Chicken fixes this by keeping track of stack and GC'ing the stack when it's full; I'm not sure about Bigloo but I hear it's got a pretty good Scheme function == C function equivalency, so it might be useful to see how they fixed the tail call optimization problem there.

That said, the current execute() function accepts a pc argument, which specifies which Arc function it begins with. It may be possible to pass the pc to go to together with a new stack, but I don't know pthreads.

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2 points by stefano 4241 days ago | link

I think you could trust every decent C compiler to do tail recursion optimization, but if you want full compatibility then the mapping Arc fun -> C fun doesn't work. pthread requires you to pass a pointer to a C function i.e. an adress where to jump. We could wrap every thread within a C function and leave all the other functions as they are currently implemented. The C function would just call execute() with the right parameters. If execute() doesn't use global vars, there will not be race condition problems.

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2 points by almkglor 4241 days ago | link

Well, I've started to import bits of execute from globals to locals. However I do have access to a few bits of global variables, specifically the quoted-constants array (those created by 'foo and '(a b c d), etc.); this table is initialized at startup (before the first call to execute). I would suppose this read-only array would be okay to access?

As for wrapping them in C functions: the problem is that the most basic Arc threading function isn't 'thread, it's 'new-thread, which accepts a function as input. 'thread is defined as:

  (mac thread body
    `(new-thread (fn () ,@body)))
In theory, new-thread could be called with any function:

  (new-thread
   (if
    (something)
      (fn () (ha-ha-ha))
    (something-else)
      (fn () (he-he-he))
      (fn () (je-je-je))))
Sure, it won't happen most of the time, since most people will sensibly use the simpler 'thread, but exploratory, exploratory...

It would be possible to implement if pthreads or whatnot can pass even just a single pointer to the newly-threaded function, but if it can't (why not?) then our alternative is to create a bunch of C functions for each Arc function, which just calls the execute() function with the correct number.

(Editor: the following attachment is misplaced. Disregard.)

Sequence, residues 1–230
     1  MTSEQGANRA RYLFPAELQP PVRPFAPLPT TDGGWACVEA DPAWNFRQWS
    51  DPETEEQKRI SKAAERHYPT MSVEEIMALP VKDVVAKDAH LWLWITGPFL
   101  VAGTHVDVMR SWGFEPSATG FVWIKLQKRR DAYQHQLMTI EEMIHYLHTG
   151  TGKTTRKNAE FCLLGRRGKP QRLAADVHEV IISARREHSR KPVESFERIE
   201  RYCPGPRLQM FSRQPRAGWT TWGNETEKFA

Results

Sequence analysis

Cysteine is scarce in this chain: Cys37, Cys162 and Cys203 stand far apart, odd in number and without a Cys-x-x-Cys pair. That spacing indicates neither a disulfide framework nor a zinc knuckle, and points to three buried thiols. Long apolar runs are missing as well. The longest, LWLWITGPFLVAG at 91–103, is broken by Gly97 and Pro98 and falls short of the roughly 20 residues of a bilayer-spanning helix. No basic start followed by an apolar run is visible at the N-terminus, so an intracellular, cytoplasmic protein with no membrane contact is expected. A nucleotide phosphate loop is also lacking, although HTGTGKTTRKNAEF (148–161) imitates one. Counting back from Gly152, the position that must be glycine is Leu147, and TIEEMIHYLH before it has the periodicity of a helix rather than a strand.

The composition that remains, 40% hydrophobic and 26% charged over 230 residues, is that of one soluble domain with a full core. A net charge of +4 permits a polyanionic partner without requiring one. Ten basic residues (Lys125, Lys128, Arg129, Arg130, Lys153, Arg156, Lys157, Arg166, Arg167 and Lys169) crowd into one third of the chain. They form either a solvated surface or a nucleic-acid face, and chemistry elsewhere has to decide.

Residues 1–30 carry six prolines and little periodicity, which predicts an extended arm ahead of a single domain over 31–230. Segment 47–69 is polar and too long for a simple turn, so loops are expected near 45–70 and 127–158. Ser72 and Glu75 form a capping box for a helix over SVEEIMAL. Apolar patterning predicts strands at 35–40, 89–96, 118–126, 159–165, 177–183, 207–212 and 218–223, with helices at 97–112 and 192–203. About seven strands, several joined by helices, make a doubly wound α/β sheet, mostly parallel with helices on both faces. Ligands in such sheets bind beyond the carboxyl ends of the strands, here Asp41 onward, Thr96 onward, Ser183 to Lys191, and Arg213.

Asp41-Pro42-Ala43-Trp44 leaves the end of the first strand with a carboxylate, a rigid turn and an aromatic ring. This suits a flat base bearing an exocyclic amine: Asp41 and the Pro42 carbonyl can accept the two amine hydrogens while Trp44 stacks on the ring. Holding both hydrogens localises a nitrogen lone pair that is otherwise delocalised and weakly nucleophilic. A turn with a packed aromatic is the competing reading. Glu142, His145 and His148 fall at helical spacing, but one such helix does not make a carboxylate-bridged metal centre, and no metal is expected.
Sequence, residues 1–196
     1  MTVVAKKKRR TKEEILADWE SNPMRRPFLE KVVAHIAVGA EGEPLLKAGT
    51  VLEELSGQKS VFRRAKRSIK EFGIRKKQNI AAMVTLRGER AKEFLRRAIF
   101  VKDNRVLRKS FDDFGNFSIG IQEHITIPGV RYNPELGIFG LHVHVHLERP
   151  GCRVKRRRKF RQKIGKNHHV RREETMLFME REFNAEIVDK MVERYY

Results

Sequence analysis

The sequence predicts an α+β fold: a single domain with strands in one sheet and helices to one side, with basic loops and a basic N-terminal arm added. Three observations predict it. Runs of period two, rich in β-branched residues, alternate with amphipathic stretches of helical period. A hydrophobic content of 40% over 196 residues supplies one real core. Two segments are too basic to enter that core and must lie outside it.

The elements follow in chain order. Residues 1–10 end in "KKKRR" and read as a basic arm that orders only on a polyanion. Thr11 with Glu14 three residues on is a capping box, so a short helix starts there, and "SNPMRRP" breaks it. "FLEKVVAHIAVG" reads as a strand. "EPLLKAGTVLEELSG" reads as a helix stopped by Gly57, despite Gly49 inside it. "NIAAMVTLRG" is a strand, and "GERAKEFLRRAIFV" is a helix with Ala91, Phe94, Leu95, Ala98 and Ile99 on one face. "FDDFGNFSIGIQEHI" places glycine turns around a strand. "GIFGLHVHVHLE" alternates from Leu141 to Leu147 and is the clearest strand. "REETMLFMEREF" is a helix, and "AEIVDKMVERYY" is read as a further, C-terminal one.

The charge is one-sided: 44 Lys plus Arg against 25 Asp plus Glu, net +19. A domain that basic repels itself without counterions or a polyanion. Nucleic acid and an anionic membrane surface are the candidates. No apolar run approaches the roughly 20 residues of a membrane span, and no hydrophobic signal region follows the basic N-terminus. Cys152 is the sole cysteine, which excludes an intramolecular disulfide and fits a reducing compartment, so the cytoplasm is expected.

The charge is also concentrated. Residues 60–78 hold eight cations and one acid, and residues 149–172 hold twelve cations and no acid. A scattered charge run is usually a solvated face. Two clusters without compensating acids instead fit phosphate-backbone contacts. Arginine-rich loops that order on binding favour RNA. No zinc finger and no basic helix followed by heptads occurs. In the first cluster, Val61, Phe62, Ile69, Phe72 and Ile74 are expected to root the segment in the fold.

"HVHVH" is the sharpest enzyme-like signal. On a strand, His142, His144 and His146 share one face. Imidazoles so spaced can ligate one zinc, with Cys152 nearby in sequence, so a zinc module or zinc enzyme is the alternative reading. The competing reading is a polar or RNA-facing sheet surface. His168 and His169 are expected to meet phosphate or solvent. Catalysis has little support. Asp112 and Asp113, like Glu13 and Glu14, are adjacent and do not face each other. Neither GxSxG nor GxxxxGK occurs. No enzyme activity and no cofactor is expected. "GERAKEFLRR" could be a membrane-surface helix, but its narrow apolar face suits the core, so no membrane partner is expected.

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Edit: okay, I did a little eensy-weensy bit of research on pthreads, and it seems that pthreads can pass a pointer to the called C function.

So I suppose we can modify execute's signature:

  obj execute(long pc, obj stack[], obj *sp);
  int main(void){
    /*init...*/
    obj *stack = GC_MALLOC(sizeof(obj)*MAX_STACK);
    obj *sp = stack;
    execute(0, stack, sp);
  }
Then the NEWTHREAD() primitive would be:

  typedef struct{
    long pc;
    obj *stack;
    obj *sp;
  } newthreadpasser;
  #define T_THREAD 9999 //some random number
  typedef struct{
    long type; /*T_THREAD*/
    pthread_t val;
  } thread;
  #define NEWTHREAD() \
   {obj *newstack = GC_MALLOC(sizeof(obj) * MAX_STACK);\
    obj *newsp = &newstack[2]; \
    newstack[0] = POP(); \
    newstack[1] = THREAD_EXIT_CONTINUATION;\
    newthreadpasser * np = GC_MALLOC(sizeof(newthreadpasser));\
    np->pc = ((obj*)newstack[0])[0];\
    np->stack = newstack;\
    np->sp = newsp;\
    thread * threadobj = GC_MALLOC(sizeof(thread));\
    threadobj->type = T_THREAD;\
    pthread_create(&(threadobj->val), NULL, threadcall, (void*) np)\
    PUSH((obj)threadobj);}
Finally, threadcall:

  void *threadcall(void * args){